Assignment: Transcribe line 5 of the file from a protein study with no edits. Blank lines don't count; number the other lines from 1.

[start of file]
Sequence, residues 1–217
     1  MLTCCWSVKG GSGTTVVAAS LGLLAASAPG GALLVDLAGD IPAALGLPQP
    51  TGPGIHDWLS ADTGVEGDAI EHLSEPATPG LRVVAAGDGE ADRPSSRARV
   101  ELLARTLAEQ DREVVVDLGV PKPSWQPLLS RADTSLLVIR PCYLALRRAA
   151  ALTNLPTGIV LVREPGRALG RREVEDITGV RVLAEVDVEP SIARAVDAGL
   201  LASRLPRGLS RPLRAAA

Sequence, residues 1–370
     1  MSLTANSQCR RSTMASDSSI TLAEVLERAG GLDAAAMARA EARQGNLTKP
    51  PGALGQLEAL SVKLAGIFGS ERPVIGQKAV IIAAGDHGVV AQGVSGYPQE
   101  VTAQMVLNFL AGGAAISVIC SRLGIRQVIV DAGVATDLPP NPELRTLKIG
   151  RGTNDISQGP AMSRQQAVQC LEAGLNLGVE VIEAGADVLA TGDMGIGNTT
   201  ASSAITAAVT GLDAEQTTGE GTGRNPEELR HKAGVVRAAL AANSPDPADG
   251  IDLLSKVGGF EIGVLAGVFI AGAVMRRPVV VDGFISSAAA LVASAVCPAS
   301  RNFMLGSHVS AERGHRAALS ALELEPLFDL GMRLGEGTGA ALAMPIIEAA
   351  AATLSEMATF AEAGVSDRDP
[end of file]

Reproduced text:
   151  ALTNLPTGIV LVREPGRALG RREVEDITGV RVLAEVDVEP SIARAVDAGL